Skene later revised his view of Pictish, noting that it appeared to share elements of both Goidelic and Brittonic:

It has been too much narrowed by the assumption that, if it is shewn to be a Celtic dialect, it must of necessity be absolutely identic in all its features either with Welsh or with Gaelic. But this necessity does not really exist; and the result I come to is, that it is not Welsh, neither is it Gaelic; but it is a Gaelic dialect partaking largely of Welsh forms.[22]

The Picts were under increasing political, social, and linguistic influence from Dál Riata from around the eighth century. The Picts were steadily gaelicised through the latter centuries of the Pictish kingdom, and by the time of the merging of the Pictish and Dál Riatan kingdoms, the Picts were essentially a Gaelic-speaking people.[4] Forsyth speculates that a period of bilingualism may have outlasted the Pictish kingdom in peripheral areas by several generations.[23] Scottish Gaelic, unlike Irish, maintains a substantial corpus of Brittonic loan-words and, moreover, uses a verbal system modelled on the same pattern as Welsh.[24]

The traditional Q-Celtic vs P-Celtic model, involving separate migrations of P-Celtic and Q-Celtic speaking settlers into the British Isles, is one of mutual unintelligibility, with the Irish Sea serving as the frontier between the two. However, it is likely that the Insular Celtic languages evolved from a more-or-less unified proto-Celtic language within the British Isles.[25] Divergence between P-Celtic Pictish and Q-Celtic Dalriadan Goidelic was slight enough to allow Picts and Dalriadans to understand each other's language to some degree.[7][26] Under this scenario, a gradual linguistic convergence is conceivable and even probable given the presence of the Columban Church in Pictland.[7]

Pre-Indo-European hypothesis

Difficulties in translation of ogham inscriptions, like those found on the Brandsbutt Stone, led to a widely held belief that Pictish was a non-Indo-European language.

In 1892, John Rhys proposed that Pictish was a non-Indo-European language. This opinion was based on the apparently unintelligible ogham inscriptions found in historically Pictish areas (compare Ogham inscription § Scholastic inscriptions).[27] A similar position was taken by Heinrich Zimmer, who argued that the Picts' supposedly exotic cultural practices (tattooing and matriliny) were equally non-Indo-European,[28] and a pre-Indo-European model was maintained by some well into the 20th century.[29]

A modified version of this theory was advanced in an influential 1955 review of Pictish by Kenneth Jackson, who proposed a two-language model: while Pictish was undoubtedly P-Celtic, it may have had a non-Celtic substratum and a second language may have been used for inscriptions.[30] Jackson's hypothesis was framed in the then-current model that a Brittonic elite, identified as the Broch-builders, had migrated from the south of Britain into Pictish territory, dominating a pre-Celtic majority.[31] He used this to reconcile the perceived translational difficulties of Ogham with the overwhelming evidence for a P-Celtic Pictish language. Jackson was content to write off Ogham inscriptions as inherently unintelligible.[32]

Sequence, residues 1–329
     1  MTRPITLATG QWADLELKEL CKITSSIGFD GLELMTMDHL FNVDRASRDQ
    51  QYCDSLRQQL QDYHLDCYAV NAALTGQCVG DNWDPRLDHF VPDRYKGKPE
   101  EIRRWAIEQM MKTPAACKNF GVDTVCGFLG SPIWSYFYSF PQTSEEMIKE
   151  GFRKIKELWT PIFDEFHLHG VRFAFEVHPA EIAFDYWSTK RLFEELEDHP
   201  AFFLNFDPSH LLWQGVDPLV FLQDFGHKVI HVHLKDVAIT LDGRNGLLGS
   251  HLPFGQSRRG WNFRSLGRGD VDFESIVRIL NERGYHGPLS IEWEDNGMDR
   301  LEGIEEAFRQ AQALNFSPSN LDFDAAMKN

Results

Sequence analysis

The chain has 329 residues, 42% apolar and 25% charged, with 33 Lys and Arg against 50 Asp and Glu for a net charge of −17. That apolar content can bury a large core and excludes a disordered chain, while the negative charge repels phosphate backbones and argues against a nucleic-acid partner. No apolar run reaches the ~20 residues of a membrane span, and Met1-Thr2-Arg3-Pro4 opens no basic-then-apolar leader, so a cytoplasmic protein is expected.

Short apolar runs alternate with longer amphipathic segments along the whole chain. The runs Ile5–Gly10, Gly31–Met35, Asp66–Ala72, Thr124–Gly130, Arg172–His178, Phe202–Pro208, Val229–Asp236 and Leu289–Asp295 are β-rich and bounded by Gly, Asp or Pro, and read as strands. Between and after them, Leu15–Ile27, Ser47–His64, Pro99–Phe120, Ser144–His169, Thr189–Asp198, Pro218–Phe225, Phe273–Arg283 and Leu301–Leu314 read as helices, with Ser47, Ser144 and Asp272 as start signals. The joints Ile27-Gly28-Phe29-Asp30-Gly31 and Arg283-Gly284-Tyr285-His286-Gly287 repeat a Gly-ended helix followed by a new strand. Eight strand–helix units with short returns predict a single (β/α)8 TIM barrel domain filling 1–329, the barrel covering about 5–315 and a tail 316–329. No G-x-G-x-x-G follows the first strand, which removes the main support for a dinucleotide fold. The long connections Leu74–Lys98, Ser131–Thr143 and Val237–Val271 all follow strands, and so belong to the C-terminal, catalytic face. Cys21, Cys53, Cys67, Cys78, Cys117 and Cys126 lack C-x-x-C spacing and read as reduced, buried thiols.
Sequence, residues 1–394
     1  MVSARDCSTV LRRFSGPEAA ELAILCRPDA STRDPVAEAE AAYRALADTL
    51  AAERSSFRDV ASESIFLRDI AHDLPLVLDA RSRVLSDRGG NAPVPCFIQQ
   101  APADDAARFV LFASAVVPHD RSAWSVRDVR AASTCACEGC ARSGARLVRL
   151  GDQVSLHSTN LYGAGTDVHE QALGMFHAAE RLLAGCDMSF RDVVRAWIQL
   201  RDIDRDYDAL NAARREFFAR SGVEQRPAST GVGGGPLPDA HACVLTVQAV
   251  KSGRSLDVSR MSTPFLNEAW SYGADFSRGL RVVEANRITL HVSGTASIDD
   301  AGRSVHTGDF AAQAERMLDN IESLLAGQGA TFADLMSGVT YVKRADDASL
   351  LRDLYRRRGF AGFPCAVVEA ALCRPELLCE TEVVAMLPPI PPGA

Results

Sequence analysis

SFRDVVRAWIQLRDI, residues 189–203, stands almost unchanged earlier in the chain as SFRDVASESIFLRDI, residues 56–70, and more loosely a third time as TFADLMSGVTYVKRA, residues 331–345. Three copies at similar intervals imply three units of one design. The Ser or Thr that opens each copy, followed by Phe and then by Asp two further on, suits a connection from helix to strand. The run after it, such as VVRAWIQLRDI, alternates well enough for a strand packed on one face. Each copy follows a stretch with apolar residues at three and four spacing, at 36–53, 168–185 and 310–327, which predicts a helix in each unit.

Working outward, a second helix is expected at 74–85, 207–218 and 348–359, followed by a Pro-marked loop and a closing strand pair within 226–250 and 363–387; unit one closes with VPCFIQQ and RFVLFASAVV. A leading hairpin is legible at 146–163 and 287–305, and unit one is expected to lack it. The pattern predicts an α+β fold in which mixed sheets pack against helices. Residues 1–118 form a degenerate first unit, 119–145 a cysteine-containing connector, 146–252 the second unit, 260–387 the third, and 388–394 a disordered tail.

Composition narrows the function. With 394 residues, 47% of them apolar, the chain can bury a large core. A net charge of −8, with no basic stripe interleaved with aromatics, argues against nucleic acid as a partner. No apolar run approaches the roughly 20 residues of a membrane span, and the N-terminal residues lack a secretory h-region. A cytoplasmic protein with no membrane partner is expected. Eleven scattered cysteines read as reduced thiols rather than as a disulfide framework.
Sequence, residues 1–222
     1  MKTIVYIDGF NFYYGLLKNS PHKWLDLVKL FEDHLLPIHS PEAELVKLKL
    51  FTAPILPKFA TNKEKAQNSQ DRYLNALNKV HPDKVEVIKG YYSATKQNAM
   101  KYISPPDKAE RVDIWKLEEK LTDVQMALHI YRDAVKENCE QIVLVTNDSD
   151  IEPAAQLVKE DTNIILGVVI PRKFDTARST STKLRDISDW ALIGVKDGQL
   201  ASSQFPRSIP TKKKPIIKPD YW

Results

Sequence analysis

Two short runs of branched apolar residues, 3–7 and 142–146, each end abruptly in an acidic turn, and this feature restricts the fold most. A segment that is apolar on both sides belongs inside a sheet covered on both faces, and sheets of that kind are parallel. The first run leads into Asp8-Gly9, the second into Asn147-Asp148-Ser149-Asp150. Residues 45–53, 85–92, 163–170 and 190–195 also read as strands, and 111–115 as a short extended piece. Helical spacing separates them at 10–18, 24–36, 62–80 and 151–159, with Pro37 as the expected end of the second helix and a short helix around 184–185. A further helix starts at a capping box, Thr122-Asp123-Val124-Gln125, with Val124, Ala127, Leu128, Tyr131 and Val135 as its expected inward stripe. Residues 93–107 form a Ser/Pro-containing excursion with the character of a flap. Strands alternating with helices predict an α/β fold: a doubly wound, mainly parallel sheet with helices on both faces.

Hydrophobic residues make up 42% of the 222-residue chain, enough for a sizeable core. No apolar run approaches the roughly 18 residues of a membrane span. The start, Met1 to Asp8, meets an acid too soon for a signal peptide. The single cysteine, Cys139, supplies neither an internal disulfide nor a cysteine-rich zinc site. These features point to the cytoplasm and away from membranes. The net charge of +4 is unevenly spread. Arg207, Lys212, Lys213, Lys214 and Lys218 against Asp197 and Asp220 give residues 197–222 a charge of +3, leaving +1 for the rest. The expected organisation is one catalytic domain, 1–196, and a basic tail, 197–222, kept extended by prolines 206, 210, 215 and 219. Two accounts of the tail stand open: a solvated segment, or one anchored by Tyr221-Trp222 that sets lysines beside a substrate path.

Jackson's model became the orthodox position for the latter half of the 20th century. However, it became progressively undermined by advances in understanding of late Iron Age archaeology.[33] Celtic interpretations have been suggested for a number of Ogham inscriptions in recent years, though this remains a matter of debate.[34]

Other discredited theories

Traditional accounts (now rejected) claimed that the Picts had migrated to Scotland from Scythia, a region that encompassed Eastern Europe and Central Asia.[35] Buchanan, looking for a Scythian P-Celtic candidate for the ancestral Pict, settled on the Gaulish-speaking Cotini (which he rendered as Gothuni), a tribe from the region that is now Slovakia. This was later misunderstood by Robert Sibbald in 1710, who equated Gothuni with the Germanic-speaking Goths.[36] John Pinkerton expanded on this in 1789, claiming that Pictish was the predecessor to modern Scots.[37] Pinkerton's arguments were often rambling, bizarre and clearly motivated by his belief that Celts were an inferior people. The theory of a Germanic Pictish language is no longer considered credible.[38]


Ogham inscriptions

Although the interpretation of over 40 Ogham inscriptions remains uncertain, several have been acknowledged to contain Brittonic forms.[39] Guto Rhys (2015) notes that significant caution is required in the interpretation of such inscriptions because crucial information, such as the orthographic key, the linguistic context in which they were composed and the extent of literacy in Pictland, remains unknown.[12]